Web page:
The Map of Medicine has published a new pathways for the prevention of Venous Thromoembolism (VTE) in hospital patients, which is responsible for approximately 25,000 deaths in the UK each year.
The new pathway should help support the Department of Health’s national policy that all patients admitted to hospital in England should receive a risk assessment for VTE.
Venous thromboembolism includes the conditions deep vein thrombosis – when a clot forms in a vein, usually in the leg – and pulmonary embolism – which occurs when a blood clot that has formed in a vein breaks off and lodges in the lung.
The new patient pathway includes essential information for the prevention of VTE. It is now available online to NHS staff in England and Wales via the Map of Medicine; a web-based, visual representation of evidence-based patient care journeys covering 28 medical specialties.
It will also be made available to patients on Map of Medicine Healthguides, which are accessed via the NHS Choices website.
The new VTE prevention pathway draws upon clinical guidance from leading UK experts and the chief medical officer, who leads nationally on VTE prevention. Dr Mike Stein, medical director for the Map of Medicine said: “It will help clinicians to make appropriate decisions for individual patients on the measures required to prevent avoidable death or chronic illness arising as a consequence of hospital-acquired thrombosis.”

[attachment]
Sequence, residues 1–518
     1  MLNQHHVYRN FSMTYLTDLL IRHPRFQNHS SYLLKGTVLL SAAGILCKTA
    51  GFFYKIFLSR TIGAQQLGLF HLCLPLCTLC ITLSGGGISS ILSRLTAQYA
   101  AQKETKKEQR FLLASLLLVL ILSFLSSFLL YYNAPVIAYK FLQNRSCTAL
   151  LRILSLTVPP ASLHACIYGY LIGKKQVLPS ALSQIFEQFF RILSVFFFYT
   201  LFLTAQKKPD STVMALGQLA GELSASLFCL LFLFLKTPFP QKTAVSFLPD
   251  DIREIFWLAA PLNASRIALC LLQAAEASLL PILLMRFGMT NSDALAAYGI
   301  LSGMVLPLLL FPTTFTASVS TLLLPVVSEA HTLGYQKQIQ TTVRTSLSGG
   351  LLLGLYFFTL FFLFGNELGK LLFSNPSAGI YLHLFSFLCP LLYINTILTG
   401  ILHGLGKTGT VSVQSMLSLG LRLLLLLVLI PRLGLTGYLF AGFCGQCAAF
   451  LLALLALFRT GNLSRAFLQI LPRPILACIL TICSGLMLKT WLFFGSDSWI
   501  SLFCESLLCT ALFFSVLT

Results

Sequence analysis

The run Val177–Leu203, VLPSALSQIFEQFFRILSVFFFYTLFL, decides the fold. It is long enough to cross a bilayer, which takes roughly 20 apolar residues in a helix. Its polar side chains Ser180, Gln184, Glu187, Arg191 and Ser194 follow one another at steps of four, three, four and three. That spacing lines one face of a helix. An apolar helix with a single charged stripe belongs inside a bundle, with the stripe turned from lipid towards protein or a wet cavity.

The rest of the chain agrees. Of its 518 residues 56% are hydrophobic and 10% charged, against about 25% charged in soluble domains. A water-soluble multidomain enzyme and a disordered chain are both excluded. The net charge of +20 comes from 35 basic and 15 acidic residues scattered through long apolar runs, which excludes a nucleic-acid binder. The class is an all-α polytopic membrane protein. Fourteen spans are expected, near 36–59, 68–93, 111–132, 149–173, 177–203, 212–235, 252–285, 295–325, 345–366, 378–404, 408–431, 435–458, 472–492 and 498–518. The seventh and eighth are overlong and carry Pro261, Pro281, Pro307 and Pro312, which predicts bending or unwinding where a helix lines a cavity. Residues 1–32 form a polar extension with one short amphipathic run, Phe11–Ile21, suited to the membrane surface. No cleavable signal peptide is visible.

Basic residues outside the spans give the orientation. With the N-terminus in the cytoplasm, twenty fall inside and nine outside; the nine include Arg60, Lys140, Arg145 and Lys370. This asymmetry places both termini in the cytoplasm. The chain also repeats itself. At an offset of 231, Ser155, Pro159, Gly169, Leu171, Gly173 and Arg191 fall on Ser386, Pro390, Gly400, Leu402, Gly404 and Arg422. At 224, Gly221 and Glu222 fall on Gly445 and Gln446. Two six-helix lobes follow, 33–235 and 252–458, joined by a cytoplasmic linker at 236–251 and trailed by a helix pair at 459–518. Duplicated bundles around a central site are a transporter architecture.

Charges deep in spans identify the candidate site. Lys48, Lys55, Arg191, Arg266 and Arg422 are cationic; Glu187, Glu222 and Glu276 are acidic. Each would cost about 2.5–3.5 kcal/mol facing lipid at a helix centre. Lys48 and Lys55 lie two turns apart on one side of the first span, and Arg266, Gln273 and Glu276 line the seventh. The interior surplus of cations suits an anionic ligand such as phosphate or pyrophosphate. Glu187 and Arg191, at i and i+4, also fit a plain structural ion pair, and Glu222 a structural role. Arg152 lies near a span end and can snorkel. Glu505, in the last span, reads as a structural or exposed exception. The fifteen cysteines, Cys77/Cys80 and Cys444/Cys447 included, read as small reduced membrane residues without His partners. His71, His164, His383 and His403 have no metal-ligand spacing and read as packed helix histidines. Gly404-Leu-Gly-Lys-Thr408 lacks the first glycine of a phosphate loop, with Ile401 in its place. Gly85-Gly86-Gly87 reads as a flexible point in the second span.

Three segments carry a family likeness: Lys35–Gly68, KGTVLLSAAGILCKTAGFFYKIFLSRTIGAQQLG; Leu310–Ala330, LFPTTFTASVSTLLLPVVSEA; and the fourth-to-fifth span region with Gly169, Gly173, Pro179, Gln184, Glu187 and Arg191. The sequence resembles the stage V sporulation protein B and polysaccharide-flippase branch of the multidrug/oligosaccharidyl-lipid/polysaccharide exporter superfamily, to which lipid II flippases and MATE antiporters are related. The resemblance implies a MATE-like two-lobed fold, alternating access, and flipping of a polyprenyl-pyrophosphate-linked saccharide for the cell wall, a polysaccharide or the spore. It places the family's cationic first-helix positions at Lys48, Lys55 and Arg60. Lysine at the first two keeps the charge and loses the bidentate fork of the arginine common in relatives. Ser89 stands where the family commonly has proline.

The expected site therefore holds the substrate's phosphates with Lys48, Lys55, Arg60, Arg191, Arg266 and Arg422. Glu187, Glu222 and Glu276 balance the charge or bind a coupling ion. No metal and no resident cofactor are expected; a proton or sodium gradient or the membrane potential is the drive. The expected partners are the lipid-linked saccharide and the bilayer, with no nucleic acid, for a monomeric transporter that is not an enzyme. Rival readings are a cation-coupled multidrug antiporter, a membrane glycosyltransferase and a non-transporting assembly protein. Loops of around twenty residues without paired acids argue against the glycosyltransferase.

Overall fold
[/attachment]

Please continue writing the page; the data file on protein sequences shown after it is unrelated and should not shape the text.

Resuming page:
Dr Anita Thomas OBE, chair of the CMO’s VTE implementation working group, added: “Access to the pathways and related information on the Map of Medicine will make a significant contribution to the national VTE prevention strategy and has the potential to prevent thousands of deaths each year from venous thromboembolism – the commonest cause of avoidable death in our hospitals today.”
The Risk Assessment for Venous Thromboembolism was issued by the Department of Health for use by hospitals and is available on the Department of Health website.